Up Your FPGA Game By Learning From This LCD Control Prototype

[Cesar] recently got a PSP display up and running with his FPGA development board. That’s a nice project, but what we really like is that he set aside a lot of time to show how it’s done every step of the way. This isn’t just a tutorial on that particular screen, but an overview of the skill set needed to get any piece of hardware working.

The screen itself is a Sharp LQ043T3DX02; a 480×272 TFT display with 16 million colors. Not bad for your project but when you start looking into the control scheme this isn’t going to be like using a Nokia screen with an Arduino. It takes twenty pins to control it; Red, green, and blue take sixteen pins, four pins are used for control, the rest are CK, DISP, Hsync, Vsync.

Wisely, [Cesar] designs his own interface board which includes the connector for the ribbon cable. It also has drivers for the screen’s backlight and supplies power to the device. With hardware setup complete he digs into the datasheets. We just love it that he details how to get the information you’re looking for out of this document, and shows his method of turning that first into a flow chart and then into code for the FPGA.

10 thoughts on “Up Your FPGA Game By Learning From This LCD Control Prototype

  1. I hope that this does not constitute hijacking a thread. What would be invaluable is an FPGA programmed to do the exact inverse of what is presented here. There are surely hundreds of people like me who desperately wish to scrape data off of an LCD without designing one-off hardware to do the chore. ‘Any experienced FPGA jockey out there up to the task?

  2. Bob, just as that would require one off hardware it’d need a one of fpga design. But it’d be, should be that is, very easy to do.

    Ren, maybe the 4 control pins are CK, DSP, HS and VS? They do control the screen after all.

    In many ways I think interfacing hardware with FPGAs is easier than bitbanging once you grok them. It’s just that few people are more familiar with HDLs than other programming languages by the time they get their hands on a PLD.

  3. Ren’s point is that 16 + 4 + 4 = 24 pins, not 20.

    I assume that “scrape data off an LCD” means reading data off the bus to reconstruct what’s being shown. Alex is right, you’d need custom programming for most cases.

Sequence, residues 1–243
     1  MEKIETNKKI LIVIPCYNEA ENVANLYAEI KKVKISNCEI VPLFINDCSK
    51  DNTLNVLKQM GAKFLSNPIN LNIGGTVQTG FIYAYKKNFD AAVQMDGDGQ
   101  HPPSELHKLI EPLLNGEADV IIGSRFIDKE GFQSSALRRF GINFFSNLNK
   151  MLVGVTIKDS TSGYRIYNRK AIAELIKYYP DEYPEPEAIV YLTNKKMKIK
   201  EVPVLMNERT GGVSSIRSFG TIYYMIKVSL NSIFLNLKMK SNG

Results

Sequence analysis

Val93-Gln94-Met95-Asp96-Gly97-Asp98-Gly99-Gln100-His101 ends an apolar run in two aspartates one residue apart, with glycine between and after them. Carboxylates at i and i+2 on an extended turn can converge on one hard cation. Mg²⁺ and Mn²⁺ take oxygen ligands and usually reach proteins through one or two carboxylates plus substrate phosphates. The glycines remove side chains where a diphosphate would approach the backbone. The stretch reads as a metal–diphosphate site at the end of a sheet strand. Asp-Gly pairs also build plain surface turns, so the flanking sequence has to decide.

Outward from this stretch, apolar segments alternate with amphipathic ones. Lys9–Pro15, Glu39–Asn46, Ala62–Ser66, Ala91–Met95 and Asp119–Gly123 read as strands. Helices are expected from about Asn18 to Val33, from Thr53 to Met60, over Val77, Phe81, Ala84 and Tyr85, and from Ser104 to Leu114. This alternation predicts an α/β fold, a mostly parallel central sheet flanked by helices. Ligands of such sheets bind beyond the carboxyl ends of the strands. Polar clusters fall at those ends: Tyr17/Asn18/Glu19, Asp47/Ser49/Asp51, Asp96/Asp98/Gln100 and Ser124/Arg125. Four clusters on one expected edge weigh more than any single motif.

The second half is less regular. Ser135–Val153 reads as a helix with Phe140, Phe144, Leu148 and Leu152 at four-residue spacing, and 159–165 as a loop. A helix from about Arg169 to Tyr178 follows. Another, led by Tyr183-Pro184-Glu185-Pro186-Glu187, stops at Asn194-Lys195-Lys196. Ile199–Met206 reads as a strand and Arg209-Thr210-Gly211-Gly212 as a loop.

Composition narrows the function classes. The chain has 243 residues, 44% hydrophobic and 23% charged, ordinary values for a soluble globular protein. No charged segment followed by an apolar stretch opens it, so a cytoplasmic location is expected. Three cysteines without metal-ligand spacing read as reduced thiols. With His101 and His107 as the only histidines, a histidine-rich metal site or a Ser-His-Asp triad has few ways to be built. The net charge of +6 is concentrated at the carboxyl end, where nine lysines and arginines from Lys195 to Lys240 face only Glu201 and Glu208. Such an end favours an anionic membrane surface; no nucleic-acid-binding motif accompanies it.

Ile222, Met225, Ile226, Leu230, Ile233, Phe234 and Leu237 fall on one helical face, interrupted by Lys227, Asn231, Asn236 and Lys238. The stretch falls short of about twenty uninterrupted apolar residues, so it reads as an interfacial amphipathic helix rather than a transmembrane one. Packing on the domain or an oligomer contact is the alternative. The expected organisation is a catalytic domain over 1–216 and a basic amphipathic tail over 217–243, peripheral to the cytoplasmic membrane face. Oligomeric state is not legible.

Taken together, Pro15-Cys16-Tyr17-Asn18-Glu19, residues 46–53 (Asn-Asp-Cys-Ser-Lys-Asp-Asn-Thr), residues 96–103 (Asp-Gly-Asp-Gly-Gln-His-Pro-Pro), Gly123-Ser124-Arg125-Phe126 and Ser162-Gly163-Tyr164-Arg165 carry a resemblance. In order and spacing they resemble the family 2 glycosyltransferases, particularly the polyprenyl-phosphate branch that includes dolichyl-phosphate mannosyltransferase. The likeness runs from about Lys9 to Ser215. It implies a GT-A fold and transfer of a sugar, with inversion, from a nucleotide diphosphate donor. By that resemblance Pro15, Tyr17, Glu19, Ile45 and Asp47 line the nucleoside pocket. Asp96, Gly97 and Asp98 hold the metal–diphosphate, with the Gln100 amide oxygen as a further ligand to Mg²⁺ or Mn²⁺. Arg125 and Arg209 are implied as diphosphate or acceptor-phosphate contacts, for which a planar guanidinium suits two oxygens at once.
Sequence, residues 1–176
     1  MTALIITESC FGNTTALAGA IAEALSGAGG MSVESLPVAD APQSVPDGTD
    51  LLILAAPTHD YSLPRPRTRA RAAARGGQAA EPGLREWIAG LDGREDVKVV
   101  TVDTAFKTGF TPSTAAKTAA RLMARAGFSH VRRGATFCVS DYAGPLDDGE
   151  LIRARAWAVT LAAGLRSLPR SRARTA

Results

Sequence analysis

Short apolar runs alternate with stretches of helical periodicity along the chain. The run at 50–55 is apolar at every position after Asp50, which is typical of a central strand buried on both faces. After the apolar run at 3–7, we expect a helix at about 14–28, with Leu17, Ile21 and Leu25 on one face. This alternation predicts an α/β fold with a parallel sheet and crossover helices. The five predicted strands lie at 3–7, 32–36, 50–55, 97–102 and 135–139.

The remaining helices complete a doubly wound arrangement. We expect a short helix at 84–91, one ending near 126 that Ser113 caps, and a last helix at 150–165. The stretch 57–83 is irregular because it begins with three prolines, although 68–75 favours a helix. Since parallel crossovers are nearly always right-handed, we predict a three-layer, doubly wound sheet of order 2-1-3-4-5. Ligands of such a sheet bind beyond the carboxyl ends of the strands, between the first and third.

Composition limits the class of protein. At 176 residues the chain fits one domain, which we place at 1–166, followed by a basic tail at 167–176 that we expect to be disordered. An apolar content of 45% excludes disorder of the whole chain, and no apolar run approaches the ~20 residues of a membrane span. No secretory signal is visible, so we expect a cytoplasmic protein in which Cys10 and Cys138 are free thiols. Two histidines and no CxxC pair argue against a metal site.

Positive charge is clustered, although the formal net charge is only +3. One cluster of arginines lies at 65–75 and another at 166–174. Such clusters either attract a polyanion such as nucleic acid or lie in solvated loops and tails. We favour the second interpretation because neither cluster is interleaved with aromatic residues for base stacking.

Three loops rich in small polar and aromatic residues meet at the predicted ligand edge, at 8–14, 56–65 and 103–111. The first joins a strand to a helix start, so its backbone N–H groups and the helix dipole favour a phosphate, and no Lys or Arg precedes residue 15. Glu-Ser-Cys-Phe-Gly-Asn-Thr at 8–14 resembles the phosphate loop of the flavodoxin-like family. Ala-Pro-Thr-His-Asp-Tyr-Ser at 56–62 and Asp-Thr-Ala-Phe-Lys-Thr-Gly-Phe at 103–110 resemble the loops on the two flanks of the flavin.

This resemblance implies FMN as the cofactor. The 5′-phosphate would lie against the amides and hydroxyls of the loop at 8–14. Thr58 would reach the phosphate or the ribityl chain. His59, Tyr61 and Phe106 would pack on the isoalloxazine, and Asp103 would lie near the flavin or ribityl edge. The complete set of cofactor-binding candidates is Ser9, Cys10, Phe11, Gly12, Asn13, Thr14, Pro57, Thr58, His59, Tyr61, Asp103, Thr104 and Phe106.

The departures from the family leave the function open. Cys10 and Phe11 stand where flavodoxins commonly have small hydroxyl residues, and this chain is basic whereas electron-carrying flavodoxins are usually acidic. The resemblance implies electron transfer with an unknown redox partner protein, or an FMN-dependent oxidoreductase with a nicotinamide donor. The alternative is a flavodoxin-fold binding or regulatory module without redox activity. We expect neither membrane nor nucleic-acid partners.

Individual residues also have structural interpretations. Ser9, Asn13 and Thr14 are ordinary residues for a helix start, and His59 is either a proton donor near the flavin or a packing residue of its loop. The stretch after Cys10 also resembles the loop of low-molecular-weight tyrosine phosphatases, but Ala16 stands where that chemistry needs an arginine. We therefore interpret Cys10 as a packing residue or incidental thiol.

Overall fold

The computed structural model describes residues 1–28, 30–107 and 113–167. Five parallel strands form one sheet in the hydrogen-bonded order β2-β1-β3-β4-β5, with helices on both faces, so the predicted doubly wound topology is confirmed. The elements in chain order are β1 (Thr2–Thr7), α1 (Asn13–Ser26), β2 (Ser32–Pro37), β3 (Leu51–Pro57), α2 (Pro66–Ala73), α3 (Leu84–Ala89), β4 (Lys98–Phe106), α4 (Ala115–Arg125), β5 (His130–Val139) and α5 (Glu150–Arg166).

You could probably develop an FPGA scraper for a few common LCD controller chips, but it wouldn’t be universal.

    Someone might also be able to program an FPGA to analyze the bus data and reverse-engineer the unknown protocol + timing, but it’s not going to be me.

    1. I meant maybe he counted the 4 control pins twice as in 16 RGB + 4 control pins (i.e. DSP, CLK, HS, VS)

      Also, HAD guys I accidently clicked the report comment button when I meant reply! Sorry :)

  4. People have been trying for years to get these screens (PSP screens) working without buying a super expensive controller board for it (~$100 for the controller alone)… Glad to see someone making progress at the very least.

  5. Good job for displaying a static image with this project.

    I am currently looking at building something similar, but needed the image to be animated which requires updating the frame buffer. From what I can tell, the onboard RAM is being used as a single port frame buffer. If you want to change the image stored in RAM, you’d need a second RAM port connected to a micro/softcore processor.

    Has any development gone into this or can anyone suggest a similar hardware IC that can handle the PSP pixel resolution? Microchip makes a PIC24 that can handle QVGA, but that only has 96Kb frame buffer data.


  6. Nice job. The data lines look similar to a VGA signal except with the extra clock and display pins, and the RGB are in parallel 565 mode digital lines instead of analogue. I bet it wouldn’t take too much to modify the PSP display output lines to output to DVI or VGA displays.

    I don’t know how to use Verilog or VHDL but the more I see these achievements, the more it interests me. Although, it looks difficult/long-winded to define each component correctly, not sure.

    For the 9 MHz clock, couldn’t he just multiply 50 MHz by 45 and divide by 250 to get 9 instead? Maybe I misunderstood?

Leave a Reply

Please be kind and respectful to help make the comments section excellent. (Comment Policy)

This site uses Akismet to reduce spam. Learn how your comment data is processed.